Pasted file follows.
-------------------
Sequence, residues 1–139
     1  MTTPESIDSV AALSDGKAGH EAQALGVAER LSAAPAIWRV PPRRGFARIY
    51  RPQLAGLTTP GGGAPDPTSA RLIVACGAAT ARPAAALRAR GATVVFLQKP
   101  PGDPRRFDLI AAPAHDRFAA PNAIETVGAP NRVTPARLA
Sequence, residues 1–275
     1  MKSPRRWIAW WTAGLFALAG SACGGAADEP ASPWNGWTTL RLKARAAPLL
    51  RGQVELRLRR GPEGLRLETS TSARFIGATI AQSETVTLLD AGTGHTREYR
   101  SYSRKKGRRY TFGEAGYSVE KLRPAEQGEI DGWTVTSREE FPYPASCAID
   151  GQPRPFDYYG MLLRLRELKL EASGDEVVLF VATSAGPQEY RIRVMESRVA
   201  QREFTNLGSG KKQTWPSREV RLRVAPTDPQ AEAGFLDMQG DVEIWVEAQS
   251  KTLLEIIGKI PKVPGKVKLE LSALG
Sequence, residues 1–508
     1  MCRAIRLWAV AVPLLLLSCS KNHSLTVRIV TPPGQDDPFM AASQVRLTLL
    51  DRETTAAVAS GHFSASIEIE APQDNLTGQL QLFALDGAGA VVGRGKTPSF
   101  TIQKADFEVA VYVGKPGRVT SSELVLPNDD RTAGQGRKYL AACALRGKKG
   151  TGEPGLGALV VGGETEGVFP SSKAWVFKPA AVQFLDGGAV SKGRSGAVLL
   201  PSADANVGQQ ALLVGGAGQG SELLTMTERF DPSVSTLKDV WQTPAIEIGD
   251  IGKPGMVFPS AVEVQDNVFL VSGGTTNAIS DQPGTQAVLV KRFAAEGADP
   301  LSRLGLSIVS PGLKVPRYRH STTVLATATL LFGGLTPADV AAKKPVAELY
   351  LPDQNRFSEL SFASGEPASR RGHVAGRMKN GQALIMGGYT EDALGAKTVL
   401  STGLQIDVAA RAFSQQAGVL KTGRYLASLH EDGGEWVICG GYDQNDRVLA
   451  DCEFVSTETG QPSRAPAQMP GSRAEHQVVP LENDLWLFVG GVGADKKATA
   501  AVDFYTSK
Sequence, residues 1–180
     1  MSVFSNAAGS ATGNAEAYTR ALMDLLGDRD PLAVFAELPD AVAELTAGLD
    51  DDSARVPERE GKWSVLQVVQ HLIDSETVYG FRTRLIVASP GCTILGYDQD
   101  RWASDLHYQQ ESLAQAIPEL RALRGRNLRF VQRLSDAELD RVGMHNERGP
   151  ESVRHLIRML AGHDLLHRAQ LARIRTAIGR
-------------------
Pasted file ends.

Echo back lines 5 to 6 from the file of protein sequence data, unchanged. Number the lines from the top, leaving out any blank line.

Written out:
Sequence, residues 1–275
     1  MKSPRRWIAW WTAGLFALAG SACGGAADEP ASPWNGWTTL RLKARAAPLL